MARSEILLE, France (Reuters) – France’s highest court threw out on Wednesday a 2015 ruling that cleared a German certifier of negligence after it approved faulty breast implants produced with counterfeit silicone.

The Court of Cassation rejected the ruling by a lower appeals court that had overturned a negligence conviction against TUV Rheinland for its role in approving the implants made by Poly Implant Prothèse (PIP) until the French firm shut in 2010.

PIP sold implants globally over almost two decades until investigators discovered it was passing off low-grade industrial silicone as a much pricier medical product.

The supreme court referred the case to a different appeals tribunal in Paris for a fresh hearing, ruling that TUV Rheinland’s obligations required it to check the implants and documents on the manufacturer’s raw materials, as well as staging surprise visits to PIP.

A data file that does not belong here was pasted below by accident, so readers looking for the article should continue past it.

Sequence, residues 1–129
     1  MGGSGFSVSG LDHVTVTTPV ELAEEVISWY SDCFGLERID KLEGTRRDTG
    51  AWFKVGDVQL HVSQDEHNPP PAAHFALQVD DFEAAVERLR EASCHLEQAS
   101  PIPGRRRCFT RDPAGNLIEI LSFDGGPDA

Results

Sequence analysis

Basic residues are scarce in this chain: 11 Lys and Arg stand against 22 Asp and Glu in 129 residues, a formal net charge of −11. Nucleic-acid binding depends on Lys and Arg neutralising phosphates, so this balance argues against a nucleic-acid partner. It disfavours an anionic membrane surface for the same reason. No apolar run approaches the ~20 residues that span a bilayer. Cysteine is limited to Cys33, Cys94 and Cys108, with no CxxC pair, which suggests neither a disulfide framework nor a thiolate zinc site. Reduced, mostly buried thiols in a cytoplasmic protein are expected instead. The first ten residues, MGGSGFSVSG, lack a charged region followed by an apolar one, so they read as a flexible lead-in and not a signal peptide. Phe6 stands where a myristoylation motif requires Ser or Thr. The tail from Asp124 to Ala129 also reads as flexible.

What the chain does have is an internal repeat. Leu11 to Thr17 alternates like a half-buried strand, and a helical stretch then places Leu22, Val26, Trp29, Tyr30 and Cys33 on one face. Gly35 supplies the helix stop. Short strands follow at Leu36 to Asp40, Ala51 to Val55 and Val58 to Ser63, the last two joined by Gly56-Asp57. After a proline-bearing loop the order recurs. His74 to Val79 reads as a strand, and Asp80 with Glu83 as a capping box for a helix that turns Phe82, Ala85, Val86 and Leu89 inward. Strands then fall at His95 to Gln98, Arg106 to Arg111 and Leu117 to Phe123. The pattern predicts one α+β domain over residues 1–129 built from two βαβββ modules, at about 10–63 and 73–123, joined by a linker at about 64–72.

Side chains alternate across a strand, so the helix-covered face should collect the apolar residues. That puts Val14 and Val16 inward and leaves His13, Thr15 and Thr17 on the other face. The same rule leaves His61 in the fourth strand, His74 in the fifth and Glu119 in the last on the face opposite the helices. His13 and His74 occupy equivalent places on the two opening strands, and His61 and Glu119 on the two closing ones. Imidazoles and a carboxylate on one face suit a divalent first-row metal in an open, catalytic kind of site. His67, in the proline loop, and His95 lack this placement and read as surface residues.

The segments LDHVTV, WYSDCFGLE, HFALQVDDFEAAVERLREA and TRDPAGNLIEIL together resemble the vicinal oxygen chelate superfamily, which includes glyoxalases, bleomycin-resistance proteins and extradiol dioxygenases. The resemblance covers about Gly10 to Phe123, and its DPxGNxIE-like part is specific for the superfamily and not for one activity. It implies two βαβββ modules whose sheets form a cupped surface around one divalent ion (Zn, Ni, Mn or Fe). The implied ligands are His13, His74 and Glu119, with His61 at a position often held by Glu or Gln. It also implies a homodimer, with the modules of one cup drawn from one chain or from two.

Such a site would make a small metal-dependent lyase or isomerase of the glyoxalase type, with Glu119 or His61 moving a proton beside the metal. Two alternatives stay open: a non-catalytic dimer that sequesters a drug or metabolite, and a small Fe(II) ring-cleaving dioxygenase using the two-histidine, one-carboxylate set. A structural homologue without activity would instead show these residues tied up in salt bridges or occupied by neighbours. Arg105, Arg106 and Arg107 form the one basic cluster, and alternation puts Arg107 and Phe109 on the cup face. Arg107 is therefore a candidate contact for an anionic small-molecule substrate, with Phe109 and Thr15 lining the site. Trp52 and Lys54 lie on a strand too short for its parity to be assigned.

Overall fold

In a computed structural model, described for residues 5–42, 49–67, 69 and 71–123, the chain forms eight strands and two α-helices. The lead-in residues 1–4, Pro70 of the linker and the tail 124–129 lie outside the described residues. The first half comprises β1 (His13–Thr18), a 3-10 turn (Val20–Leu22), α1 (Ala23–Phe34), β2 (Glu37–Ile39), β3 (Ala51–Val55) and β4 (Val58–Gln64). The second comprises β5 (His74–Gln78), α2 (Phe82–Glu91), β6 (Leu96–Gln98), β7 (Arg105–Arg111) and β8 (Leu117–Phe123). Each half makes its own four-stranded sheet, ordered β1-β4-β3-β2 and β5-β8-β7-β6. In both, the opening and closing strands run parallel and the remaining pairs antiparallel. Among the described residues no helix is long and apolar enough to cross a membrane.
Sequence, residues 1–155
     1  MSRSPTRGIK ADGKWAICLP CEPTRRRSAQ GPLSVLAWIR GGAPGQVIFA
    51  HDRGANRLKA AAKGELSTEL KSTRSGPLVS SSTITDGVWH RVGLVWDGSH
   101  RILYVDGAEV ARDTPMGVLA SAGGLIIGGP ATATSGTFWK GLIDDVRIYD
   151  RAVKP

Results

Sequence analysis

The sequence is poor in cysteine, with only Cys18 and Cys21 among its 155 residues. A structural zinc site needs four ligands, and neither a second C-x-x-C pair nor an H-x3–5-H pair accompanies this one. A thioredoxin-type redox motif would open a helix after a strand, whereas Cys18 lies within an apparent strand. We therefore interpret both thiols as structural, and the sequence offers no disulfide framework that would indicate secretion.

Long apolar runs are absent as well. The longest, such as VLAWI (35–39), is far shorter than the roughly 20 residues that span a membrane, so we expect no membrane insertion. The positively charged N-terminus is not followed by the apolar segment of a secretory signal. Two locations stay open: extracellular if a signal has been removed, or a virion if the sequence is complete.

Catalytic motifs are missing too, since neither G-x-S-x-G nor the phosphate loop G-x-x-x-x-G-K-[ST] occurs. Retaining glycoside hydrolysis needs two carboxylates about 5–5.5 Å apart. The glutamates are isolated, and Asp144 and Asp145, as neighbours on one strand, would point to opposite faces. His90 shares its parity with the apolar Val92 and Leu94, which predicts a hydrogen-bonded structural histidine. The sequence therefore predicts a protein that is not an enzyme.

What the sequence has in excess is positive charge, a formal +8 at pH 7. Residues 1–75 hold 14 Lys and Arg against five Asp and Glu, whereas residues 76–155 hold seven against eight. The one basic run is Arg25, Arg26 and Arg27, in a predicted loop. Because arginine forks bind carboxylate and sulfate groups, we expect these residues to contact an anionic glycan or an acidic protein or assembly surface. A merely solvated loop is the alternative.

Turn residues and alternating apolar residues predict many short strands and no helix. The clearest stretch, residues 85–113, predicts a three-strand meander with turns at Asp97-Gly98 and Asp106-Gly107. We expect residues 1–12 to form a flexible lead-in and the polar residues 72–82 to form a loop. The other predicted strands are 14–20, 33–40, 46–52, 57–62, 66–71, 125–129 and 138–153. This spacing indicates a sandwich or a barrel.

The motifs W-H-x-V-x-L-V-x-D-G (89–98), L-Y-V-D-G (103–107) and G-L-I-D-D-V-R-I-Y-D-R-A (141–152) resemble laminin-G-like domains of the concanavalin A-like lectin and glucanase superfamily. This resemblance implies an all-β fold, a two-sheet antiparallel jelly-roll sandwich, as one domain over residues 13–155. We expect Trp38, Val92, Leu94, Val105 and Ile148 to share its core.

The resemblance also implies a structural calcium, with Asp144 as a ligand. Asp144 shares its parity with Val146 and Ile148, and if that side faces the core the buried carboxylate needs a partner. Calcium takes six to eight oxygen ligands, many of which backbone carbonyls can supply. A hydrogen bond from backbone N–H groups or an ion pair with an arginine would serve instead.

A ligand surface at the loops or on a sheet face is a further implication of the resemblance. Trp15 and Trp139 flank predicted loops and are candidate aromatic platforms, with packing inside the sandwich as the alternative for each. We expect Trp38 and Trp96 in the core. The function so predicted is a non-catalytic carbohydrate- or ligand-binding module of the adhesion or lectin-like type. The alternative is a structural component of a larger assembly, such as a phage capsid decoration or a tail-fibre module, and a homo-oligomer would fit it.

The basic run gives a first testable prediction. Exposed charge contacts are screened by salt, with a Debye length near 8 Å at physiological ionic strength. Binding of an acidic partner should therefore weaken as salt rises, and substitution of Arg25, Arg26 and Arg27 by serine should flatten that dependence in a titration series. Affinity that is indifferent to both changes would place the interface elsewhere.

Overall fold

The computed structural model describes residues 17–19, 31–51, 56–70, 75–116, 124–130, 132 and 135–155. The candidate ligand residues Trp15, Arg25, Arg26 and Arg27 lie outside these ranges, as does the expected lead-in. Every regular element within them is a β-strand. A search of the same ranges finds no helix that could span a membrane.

TUV Rheinland defended the actions of its unit involved in the case. “The fraud committed by PIP was not detectable by TUV Rheinland LGA Products GmbH, and could not be discovered,” TUV Rheinland said in a statement.

The counterfeit substance was used in implants given to 300,000 women. About a quarter of those subsequently removed were found to have ruptured, regulators said, raising concerns over the long-term health effects of exposure to their contents.

PIP founder Jean-Claude Mas was jailed for four years and fined 75,000 euros (now $86,000) in 2013 after a police investigation revealed a sophisticated fraud.

PIP employees would remove evidence of the cheaper silicone gel before annual inspections by TUV Rheinland, it found.

An association representing 15,000 former PIP implant patients said that the supreme court’s ruling set the stage for the “world’s largest collective trial”.

“The Court of Cassation renders a decision in accordance with the law, fair and consistent with the objective elements of the case which are devastating for TUV,” the association’s lawyer Olivier Aumaitre said in a statement.

The association said that a ruling against TUV could cost it as much as 6 billion euros.

($1 = 0.8677 euros)

(Reporting by Jean-Francois Rosnoblet; writing by Leigh Thomas; Editing by Richard Lough and David Stamp)